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Quantifying the Risk of Deflation

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  • Lutz KILIAN
  • Simone MANGANELLI

Abstract

We propose formal and quantitative measures of the risk that future inflation will be excessively high or low relative to the range preferred by a private sector agent. Unlike alternative measures of risk, our measures are designed to make explicit the dependence of risk measures on the private sector agent's preferences with respect to inflation. We illustrate our methodology by estimating the risks of deflation for the United States, Germany, and Japan for horizons of up to 2 years. The question of how large these risks are has been subject to considerable public debate. We find that, as of September 2002 when this question first arose, there was no evidence of substantial deflation risks for the United States and for Germany, contrary to some conjectures at the time. In contrast, there was evidence of substantial deflation risks in Japan. Copyright 2007 The Ohio State University.
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  • Lutz KILIAN & Simone MANGANELLI, "undated". "Quantifying the Risk of Deflation," EcoMod2004 330600076, EcoMod.
  • Handle: RePEc:ekd:003306:330600076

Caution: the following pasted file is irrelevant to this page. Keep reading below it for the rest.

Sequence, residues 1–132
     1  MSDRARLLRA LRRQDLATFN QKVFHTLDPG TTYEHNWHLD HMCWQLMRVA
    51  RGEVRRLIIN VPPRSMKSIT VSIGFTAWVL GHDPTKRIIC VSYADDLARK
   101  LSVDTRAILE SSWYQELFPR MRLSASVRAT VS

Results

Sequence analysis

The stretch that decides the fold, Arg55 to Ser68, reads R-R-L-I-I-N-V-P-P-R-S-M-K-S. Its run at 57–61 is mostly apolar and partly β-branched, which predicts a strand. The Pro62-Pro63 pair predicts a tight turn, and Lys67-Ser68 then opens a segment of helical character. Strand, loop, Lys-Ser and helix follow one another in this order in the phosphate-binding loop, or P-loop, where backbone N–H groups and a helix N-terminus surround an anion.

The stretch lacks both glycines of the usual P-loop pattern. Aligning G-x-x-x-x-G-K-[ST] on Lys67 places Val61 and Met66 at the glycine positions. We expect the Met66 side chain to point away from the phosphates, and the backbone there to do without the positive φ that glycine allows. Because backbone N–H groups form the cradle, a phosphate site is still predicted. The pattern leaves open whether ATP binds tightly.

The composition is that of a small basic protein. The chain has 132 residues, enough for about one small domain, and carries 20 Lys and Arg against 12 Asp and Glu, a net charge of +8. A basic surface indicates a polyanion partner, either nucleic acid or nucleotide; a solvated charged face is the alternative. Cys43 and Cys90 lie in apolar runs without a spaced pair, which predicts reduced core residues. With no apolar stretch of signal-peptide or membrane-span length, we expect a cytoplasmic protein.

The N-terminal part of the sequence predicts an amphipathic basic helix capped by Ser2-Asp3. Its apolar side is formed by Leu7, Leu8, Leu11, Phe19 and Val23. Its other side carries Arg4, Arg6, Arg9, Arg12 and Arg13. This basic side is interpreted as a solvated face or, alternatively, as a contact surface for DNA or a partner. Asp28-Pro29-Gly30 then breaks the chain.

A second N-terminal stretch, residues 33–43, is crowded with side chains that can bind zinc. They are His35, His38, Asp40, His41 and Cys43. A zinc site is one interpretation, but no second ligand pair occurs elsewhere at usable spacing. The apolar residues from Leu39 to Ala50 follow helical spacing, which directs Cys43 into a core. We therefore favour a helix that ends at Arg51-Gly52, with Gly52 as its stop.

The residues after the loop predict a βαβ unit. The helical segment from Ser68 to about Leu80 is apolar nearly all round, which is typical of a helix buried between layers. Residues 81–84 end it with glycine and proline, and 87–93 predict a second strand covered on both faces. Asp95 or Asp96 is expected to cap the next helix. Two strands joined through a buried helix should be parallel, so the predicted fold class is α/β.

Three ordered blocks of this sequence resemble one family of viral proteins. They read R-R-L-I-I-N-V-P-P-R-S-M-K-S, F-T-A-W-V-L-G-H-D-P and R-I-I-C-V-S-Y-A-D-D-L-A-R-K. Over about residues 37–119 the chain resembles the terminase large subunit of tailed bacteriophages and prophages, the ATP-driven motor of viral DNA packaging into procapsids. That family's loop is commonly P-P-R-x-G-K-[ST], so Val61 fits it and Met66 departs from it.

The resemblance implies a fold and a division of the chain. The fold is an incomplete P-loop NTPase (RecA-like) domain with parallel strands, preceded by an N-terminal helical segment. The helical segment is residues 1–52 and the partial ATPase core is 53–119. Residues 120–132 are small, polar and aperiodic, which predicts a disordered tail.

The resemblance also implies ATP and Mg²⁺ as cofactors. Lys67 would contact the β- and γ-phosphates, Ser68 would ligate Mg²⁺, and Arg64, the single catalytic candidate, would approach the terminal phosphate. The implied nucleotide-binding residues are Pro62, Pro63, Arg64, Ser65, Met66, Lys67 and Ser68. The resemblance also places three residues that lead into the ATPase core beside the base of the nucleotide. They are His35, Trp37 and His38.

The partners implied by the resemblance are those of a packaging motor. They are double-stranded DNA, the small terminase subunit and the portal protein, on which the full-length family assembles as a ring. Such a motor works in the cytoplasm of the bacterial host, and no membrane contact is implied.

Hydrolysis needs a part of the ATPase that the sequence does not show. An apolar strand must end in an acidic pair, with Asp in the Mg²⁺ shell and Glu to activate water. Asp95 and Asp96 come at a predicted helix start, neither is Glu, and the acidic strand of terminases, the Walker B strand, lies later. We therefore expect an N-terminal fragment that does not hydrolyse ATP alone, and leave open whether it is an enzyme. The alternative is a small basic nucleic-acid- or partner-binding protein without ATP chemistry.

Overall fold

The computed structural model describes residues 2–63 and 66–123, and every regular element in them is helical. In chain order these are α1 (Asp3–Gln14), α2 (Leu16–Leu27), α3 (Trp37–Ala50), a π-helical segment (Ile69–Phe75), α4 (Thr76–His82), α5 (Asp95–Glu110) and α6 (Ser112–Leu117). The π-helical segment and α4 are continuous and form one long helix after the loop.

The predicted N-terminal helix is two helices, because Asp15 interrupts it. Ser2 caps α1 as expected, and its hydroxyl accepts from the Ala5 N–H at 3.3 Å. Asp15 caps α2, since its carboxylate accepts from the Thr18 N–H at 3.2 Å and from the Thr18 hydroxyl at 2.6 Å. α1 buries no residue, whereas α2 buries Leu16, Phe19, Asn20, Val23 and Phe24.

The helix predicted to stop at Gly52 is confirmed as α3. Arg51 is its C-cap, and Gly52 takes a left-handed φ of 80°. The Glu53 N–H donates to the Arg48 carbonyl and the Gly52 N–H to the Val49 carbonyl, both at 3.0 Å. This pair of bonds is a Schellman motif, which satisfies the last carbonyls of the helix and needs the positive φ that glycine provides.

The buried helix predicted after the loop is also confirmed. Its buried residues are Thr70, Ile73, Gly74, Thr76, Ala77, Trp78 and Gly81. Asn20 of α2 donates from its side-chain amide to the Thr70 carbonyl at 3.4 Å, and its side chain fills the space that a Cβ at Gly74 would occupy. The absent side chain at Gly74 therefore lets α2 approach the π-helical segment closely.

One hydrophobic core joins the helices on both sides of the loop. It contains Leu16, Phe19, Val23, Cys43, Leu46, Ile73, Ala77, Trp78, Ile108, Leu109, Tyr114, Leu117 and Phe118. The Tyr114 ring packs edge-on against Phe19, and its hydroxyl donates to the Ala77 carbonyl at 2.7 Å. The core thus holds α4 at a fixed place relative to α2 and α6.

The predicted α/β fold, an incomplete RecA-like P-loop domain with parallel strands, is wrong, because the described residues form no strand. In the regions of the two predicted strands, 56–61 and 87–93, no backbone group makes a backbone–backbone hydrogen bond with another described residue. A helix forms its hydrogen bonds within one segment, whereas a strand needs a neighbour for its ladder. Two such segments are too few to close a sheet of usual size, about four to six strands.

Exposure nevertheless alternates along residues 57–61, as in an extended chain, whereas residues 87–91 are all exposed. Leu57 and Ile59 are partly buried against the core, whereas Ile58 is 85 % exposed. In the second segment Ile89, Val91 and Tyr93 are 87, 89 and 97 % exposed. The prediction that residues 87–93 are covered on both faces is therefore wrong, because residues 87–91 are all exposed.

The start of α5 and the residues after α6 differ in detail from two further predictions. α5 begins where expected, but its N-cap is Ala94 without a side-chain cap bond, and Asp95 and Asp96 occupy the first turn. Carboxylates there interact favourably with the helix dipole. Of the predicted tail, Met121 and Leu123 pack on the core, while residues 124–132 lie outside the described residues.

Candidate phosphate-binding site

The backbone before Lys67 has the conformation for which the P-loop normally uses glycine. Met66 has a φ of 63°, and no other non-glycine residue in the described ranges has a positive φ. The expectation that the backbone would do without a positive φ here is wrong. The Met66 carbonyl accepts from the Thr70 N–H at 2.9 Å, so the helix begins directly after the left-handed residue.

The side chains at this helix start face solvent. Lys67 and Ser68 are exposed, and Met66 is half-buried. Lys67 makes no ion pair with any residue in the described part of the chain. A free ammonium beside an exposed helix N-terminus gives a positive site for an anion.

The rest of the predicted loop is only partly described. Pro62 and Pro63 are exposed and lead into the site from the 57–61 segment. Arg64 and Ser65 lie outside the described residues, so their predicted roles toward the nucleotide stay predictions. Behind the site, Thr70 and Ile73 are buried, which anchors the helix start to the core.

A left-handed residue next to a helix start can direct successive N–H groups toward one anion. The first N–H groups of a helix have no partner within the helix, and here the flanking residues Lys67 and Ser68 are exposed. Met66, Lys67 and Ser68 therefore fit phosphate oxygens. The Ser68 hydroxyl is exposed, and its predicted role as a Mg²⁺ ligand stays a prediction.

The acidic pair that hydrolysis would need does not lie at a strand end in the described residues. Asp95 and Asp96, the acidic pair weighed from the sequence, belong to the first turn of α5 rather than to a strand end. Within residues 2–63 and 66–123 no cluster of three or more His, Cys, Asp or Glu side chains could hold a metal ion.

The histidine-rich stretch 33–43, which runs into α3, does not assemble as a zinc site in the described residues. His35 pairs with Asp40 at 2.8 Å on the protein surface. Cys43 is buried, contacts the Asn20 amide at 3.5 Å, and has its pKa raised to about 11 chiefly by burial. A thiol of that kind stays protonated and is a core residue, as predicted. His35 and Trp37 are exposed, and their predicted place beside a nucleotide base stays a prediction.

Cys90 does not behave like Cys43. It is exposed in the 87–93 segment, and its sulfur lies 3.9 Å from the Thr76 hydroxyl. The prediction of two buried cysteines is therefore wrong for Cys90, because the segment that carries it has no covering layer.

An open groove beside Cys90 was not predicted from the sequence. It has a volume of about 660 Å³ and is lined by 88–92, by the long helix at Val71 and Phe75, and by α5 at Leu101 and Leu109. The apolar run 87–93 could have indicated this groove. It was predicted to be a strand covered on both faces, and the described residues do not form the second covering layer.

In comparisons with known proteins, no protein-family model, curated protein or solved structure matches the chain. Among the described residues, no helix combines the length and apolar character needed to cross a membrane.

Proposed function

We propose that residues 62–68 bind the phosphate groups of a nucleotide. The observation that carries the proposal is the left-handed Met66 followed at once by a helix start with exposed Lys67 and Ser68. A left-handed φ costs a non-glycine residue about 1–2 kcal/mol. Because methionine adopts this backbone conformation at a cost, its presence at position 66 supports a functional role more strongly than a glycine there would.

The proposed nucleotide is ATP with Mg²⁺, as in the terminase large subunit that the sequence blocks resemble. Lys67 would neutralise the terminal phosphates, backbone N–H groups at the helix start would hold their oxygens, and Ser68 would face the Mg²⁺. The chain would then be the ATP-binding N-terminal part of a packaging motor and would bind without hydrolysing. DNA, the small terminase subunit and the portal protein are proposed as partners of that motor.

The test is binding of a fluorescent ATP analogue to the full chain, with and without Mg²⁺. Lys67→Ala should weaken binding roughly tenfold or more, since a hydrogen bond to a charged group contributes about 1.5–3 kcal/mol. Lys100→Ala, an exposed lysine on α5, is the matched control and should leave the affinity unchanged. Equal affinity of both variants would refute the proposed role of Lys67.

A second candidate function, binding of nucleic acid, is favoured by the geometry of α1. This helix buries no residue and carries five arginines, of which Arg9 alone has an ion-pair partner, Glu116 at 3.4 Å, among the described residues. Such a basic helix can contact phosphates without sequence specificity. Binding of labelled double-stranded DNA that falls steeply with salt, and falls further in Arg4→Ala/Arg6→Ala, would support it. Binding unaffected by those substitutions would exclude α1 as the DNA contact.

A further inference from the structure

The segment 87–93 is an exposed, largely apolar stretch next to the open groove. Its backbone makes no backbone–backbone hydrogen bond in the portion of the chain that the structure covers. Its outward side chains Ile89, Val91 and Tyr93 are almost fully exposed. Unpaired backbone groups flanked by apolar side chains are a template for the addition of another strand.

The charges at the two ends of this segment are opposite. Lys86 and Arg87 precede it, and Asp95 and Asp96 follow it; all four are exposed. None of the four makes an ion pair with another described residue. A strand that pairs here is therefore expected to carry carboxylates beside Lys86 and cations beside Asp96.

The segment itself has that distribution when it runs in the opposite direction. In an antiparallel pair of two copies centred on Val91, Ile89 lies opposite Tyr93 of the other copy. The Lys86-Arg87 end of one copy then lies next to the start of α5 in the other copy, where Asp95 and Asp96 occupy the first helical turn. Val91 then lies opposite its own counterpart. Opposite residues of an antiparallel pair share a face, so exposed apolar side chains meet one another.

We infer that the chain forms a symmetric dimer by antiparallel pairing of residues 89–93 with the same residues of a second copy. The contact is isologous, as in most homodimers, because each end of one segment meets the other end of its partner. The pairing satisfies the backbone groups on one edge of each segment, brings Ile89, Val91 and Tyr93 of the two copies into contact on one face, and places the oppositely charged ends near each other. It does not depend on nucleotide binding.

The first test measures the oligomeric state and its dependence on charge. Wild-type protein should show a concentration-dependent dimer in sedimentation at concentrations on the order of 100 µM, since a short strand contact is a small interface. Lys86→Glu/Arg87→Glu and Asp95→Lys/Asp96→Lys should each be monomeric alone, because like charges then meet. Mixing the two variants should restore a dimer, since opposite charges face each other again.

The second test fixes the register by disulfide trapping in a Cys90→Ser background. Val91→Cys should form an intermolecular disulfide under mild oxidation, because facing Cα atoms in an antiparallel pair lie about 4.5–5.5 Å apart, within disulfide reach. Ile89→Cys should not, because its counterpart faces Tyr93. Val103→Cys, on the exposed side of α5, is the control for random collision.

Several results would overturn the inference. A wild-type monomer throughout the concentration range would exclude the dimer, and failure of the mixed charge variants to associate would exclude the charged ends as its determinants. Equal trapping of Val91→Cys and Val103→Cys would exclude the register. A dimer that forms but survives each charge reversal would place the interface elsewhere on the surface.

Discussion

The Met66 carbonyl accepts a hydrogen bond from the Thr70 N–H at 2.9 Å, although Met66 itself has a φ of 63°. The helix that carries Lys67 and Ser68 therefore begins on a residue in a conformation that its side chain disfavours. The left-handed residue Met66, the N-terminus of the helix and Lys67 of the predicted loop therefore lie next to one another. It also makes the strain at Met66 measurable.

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    File URL: http://www.ecomod.net/sites/default/files/document-conference/ecomod2004/811.pdf
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    References listed on IDEAS

    as
    1. Engle, Robert F. & Manganelli, Simone, 2001. "Value at risk models in finance," Working Paper Series 0075, European Central Bank.
    2. Svensson, Lars E. O., 1997. "Inflation forecast targeting: Implementing and monitoring inflation targets," European Economic Review, Elsevier, vol. 41(6), pages 1111-1146, June.
    3. Fishburn, Peter C, 1977. "Mean-Risk Analysis with Risk Associated with Below-Target Returns," American Economic Review, American Economic Association, vol. 67(2), pages 116-126, March.
    4. Svensson, Lars E. O., 2002. "Inflation targeting: Should it be modeled as an instrument rule or a targeting rule?," European Economic Review, Elsevier, vol. 46(4-5), pages 771-780, May.
    5. Basak, Suleyman & Shapiro, Alexander, 2001. "Value-at-Risk-Based Risk Management: Optimal Policies and Asset Prices," Review of Financial Studies, Society for Financial Studies, vol. 14(2), pages 371-405.
    6. Bollerslev, Tim, 1986. "Generalized autoregressive conditional heteroskedasticity," Journal of Econometrics, Elsevier, vol. 31(3), pages 307-327, April.
    7. Inoue, Atsushi & Kilian, Lutz, 2006. "On the selection of forecasting models," Journal of Econometrics, Elsevier, vol. 130(2), pages 273-306, February.
    8. Granger, C. W. J. & Newbold, Paul, 1986. "Forecasting Economic Time Series," Elsevier Monographs, Elsevier, edition 2, number 9780122951831 edited by Shell, Karl.